It would have been a significant embarrassment for Nicola Sturgeon who has, to an extent, staked much of her reputation on a well-oiled COP26.
The strikes – averted at the last gasp by negotiations with trade unions – threatened the commute of thousands of delegates at the climate conference who were staying in Edinburgh and required travel through.
Instead, the journey from Scotland’s capital to its biggest city and onwards to the venue for COP26 showed off the country at very nearly its best and most efficient.
Walking into Edinburgh Waverley, there is no doubt COP26 is underway, with giant signs pointing you in the direction of ‘trains to Glasgow’, all while extolling the climate credentials of the railways.
Branding for ScotRail – due to be nationalised next year by the Scottish Government – was conspicuous in its absence on these posters.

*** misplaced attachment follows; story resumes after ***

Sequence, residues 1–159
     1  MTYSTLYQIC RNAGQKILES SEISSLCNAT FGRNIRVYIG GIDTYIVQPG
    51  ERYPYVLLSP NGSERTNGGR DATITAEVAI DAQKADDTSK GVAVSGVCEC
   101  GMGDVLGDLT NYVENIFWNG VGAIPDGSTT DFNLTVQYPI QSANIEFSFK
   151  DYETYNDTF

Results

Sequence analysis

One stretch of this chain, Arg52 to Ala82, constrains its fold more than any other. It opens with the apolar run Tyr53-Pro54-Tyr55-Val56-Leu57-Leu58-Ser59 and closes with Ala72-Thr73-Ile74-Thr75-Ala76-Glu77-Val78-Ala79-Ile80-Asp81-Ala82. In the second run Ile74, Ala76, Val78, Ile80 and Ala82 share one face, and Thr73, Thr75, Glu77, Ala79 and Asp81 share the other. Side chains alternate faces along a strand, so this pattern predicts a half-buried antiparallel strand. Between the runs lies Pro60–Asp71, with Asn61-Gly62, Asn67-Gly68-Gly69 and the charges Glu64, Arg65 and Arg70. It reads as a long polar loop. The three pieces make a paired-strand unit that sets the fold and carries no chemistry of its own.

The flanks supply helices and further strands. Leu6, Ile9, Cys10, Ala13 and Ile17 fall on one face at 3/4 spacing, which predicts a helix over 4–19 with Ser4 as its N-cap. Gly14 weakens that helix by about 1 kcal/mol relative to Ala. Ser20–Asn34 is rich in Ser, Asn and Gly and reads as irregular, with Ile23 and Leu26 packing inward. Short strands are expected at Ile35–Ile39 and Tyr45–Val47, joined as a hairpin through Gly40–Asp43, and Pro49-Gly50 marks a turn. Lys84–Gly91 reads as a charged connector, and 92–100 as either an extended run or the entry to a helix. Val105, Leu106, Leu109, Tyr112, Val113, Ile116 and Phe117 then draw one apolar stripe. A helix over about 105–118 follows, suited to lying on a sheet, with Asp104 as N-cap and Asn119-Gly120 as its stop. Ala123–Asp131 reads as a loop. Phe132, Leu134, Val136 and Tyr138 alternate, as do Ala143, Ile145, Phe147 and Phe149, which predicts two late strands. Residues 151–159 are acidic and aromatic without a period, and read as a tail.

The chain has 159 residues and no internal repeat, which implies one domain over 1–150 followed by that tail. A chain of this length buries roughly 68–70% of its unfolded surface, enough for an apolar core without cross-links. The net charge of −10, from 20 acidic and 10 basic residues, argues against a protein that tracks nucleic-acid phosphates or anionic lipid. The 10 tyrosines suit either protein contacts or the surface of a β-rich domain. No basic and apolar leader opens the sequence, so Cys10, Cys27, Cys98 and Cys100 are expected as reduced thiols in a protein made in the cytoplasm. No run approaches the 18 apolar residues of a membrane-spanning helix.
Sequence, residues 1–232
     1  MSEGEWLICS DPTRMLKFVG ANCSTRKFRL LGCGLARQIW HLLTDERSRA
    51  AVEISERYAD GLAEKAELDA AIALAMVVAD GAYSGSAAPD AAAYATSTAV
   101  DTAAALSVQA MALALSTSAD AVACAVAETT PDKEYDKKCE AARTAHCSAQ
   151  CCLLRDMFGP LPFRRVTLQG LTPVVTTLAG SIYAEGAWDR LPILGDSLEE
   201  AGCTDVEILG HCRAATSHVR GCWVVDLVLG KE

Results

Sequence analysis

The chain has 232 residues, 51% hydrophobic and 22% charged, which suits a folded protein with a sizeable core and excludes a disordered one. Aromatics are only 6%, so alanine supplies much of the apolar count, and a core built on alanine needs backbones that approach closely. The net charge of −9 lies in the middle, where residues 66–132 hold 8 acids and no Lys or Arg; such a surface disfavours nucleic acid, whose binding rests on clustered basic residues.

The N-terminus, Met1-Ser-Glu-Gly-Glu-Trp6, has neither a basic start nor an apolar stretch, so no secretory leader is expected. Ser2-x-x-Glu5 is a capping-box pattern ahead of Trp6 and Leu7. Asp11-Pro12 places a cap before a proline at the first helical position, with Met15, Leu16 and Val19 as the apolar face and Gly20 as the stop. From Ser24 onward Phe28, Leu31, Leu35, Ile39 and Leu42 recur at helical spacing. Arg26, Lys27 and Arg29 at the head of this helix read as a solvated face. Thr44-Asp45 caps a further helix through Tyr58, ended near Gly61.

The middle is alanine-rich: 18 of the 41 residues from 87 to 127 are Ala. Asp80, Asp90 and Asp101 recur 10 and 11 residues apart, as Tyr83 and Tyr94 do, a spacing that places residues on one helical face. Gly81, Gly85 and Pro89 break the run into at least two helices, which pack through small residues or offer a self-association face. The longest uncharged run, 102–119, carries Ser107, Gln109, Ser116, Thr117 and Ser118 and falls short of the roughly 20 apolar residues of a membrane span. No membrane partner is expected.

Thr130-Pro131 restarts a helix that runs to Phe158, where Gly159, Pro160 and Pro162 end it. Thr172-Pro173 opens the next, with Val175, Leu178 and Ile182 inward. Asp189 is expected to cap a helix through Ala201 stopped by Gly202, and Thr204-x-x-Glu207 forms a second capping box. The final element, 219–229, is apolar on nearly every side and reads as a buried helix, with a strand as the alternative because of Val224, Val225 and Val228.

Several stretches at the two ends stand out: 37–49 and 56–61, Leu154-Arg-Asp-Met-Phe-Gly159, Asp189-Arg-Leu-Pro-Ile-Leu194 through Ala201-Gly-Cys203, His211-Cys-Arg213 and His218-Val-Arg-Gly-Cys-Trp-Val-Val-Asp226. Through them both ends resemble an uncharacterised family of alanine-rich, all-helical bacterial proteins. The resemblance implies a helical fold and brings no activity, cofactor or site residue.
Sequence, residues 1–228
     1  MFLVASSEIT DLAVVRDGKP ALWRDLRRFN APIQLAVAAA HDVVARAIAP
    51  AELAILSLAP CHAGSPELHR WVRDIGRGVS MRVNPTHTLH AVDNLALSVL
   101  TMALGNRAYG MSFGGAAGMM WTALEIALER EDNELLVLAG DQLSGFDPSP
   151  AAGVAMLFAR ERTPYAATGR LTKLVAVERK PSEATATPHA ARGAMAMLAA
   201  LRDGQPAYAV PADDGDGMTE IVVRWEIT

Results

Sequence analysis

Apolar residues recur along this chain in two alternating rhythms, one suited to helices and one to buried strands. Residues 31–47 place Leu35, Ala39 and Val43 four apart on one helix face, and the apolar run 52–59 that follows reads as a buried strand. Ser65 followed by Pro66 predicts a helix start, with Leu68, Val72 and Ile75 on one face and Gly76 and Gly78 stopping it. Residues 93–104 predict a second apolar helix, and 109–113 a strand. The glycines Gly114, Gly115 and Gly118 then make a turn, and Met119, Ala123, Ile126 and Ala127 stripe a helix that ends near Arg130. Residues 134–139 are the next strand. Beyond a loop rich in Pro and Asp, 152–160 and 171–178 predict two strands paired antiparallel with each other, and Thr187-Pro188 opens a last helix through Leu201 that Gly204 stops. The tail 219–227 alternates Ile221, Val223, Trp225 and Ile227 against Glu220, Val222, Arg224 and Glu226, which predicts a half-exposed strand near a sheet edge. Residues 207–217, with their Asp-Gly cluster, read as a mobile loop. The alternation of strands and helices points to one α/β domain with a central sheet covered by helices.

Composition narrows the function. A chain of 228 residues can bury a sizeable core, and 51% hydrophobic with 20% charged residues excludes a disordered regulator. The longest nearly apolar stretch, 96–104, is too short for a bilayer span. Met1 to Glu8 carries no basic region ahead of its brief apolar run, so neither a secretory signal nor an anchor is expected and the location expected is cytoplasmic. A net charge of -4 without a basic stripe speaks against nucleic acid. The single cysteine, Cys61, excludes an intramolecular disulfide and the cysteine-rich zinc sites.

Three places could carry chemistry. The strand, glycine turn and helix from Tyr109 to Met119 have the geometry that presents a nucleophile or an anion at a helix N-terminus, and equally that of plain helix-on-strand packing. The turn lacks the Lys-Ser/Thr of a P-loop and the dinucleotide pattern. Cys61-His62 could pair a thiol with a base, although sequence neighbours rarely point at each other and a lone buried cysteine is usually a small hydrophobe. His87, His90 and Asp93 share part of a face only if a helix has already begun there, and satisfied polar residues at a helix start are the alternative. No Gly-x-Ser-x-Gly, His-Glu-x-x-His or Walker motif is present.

There were no prizes for punctuality either.
Trains running on time often feel like rare beasts, and the early morning express service arrived at its platform at the time it was due to leave.
Inevitably, it ran two minutes late until its arrival into Glasgow Queen Street.
For anyone who has made a journey to a football game at Hampden or to the rugby at Murrayfield, the emptiness of the train given the talk of disruption was comfortable, with more than enough seats to go around.
The same could be said for the short jaunt – via a trip to Greggs for a much needed cup of tea – from Glasgow Central to Exhibition Centre, which was easy, quiet and quick.
The one downside of the trip is something that will continue to strangle the railway until the Scottish Government gets serious about net zero and extending that to mass transit, and that is the price.
An anytime return costs £17.55, well out of the reach of many Scots and even off-peak, the cost of a trip between Scotland’s two biggest cities is prohibitive.
For COP26, however, it was disaster averted and Scotland’s railway’s reputation remains intact.